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Reviewer's Choice

Chou HW. et al., 2022: Experimental Observation of Isolative Efficacy of a Solid Coupling Medium in Extracorporeal Shock Wave Lithotripsy-Implications to Nosocomial Infection Prevention.

Chou HW, Huang CL, Lin YC, Lin YE, Chen WC.
Department of Laboratory Medicine, Kaohsiung Medical University Hospital, Kaohsiung 807377, Taiwan.
Division of General Internal Medicine, Department of Internal Medicine, Kaohsiung Medical University Hospital, Kaohsiung 807377, Taiwan.
Department of Medical Humanities and Education, Kaohsiung Medical University, Kaohsiung 807377, Taiwan.
Graduate Institute of Human Resource and Knowledge Management, National Kaohsiung Normal University, Kaohsiung 802561, Taiwan.
CleanWave Medical Co., Ltd., Kaohsiung 806613, Taiwan.
Department of Medical Education and Research, Kaohsiung Veterans General Hospital, Kaohsiung 813414, Taiwan.
Division of Urology, Department of Surgery, Kaohsiung Veterans General Hospital, Kaohsiung 813414, Taiwan.

Abstract

Introduction: Extracorporeal shock wave lithotripsy (ESWL) is a well-established, popular treatment choice for renal stones. Traditionally, the semi-liquid gel is used as a coupling medium in ESWL. During ESWL, body fluid or blood might transmit between the patients when the probe or gel used in the procedure is contaminated and cause potential nosocomial infections. To solve this problem, we developed a solid coupling medium (isolation coupling pad, referred to as "icPad") between the patient's skin and the probe as a shock wave transmission medium to prevent contamination. This study aimed to investigate the isolative efficacy of the icPad in blocking the permeation of microbes. Method: Rhodamine 6G (a fluorescent dye) was used as a tracer to simulate the microorganisms. The penetration of the fluorescent dye on the longitudinal section of the icPad was observed by a microscope after the dye was placed on the body side of the icPad for 40 min. After the shock wave, icPad was extracted with 75% ethanol, and fluorescence intensity was measured with a fluorescence spectrometer. Results: Our results revealed that the body side of icPad is free of fluorescent dye during lithotripsy. Qualitative analysis results confirmed that icPad has an isolative effect on simulating contaminants such as bacteria or viruses. Conclusion: In this in vitro phantom study, a proprietary icPad can be an isolative coupling medium and is speculated to avoid cross-contamination of bacterial or viral infection during ESWL.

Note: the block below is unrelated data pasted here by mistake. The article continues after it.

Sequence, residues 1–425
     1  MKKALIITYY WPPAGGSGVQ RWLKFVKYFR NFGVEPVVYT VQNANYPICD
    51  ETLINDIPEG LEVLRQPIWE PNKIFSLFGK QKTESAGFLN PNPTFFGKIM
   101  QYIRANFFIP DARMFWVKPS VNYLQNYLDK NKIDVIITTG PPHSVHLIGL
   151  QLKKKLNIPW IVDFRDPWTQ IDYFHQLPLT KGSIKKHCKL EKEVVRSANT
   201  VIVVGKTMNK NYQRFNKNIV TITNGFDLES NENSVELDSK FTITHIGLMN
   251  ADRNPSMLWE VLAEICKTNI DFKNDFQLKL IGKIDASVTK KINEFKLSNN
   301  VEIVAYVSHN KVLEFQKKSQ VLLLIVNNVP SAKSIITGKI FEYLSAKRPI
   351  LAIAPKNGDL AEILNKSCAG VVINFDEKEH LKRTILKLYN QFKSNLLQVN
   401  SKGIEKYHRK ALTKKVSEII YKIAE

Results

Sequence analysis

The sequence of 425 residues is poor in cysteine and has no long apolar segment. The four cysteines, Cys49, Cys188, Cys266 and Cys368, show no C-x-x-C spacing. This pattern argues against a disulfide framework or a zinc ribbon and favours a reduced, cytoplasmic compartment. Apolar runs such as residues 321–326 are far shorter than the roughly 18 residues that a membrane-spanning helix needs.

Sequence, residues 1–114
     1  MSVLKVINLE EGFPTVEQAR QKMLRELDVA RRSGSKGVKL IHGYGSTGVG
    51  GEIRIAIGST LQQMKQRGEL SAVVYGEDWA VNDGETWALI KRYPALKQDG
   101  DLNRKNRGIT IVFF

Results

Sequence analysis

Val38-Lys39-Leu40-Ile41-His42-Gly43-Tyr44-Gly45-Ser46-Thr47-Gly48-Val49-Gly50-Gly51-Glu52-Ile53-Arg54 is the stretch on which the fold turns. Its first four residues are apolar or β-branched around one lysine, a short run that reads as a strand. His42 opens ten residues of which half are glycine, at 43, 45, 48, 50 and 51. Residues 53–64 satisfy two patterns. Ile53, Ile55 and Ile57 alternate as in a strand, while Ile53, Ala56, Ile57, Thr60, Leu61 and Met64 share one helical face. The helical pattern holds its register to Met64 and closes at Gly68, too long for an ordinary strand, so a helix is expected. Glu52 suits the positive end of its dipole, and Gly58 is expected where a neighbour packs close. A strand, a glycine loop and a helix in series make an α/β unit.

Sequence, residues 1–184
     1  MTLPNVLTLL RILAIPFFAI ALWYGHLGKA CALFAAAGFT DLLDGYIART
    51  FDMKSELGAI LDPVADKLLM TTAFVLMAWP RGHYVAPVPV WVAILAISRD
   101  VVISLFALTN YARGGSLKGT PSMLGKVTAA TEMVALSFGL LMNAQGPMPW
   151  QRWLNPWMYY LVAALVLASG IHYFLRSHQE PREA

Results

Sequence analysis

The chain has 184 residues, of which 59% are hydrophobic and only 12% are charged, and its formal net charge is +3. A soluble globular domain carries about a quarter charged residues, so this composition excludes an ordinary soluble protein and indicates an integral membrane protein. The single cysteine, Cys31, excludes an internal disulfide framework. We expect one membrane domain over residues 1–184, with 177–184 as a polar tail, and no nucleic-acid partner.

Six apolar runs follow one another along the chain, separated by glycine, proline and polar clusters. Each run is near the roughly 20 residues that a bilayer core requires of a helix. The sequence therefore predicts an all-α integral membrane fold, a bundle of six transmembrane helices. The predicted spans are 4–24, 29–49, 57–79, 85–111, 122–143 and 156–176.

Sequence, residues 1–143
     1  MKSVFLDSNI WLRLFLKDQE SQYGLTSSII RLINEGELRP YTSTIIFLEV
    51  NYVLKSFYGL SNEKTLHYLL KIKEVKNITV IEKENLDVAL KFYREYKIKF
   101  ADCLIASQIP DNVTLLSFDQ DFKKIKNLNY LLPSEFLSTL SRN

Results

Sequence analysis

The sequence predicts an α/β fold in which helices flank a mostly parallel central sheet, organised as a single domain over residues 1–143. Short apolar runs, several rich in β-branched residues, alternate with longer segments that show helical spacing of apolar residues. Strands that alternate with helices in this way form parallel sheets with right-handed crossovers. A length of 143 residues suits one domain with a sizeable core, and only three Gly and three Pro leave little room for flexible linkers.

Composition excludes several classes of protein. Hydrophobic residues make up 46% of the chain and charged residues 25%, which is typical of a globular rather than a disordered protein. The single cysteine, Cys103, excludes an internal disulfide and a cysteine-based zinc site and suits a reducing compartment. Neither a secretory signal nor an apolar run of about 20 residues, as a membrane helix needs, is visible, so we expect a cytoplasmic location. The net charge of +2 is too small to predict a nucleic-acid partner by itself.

Pathogens. 2022 Sep 27;11(10):1103. doi: 10.3390/pathogens11101103. PMID: 36297160. FREE ARTICLE

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Comments 1

Hans-Göran Tiselius on Friday, 10 February 2023 09:40

This report is interesting, not only because it describes a device that ensures safe contact between the shock wave head and the patients body surface. For the Storz SLX lithotripters this device is not necessary, because there is already a plastic membrane between the shock wave head and the patient, a plastic shield that only needs traditional cleaning and disinfection.

For lithotripters of other types, the icPAD appears to be a useful device. The advantage is to avoid bacterial and other infective contamination. But it also provides a new idea by means of which gas bubbles in the interface can be avoided.

Although theoretically interesting it is obvious that the solid coupling medium so far has not been used clinically, but previously published in vitro studies are promising.

Any information on the cost of this device cannot be found.

Hans-Göran Tiselius

This report is interesting, not only because it describes a device that ensures safe contact between the shock wave head and the patients body surface. For the Storz SLX lithotripters this device is not necessary, because there is already a plastic membrane between the shock wave head and the patient, a plastic shield that only needs traditional cleaning and disinfection. For lithotripters of other types, the icPAD appears to be a useful device. The advantage is to avoid bacterial and other infective contamination. But it also provides a new idea by means of which gas bubbles in the interface can be avoided. Although theoretically interesting it is obvious that the solid coupling medium so far has not been used clinically, but previously published in vitro studies are promising. Any information on the cost of this device cannot be found. Hans-Göran Tiselius
Monday, 20 May 2024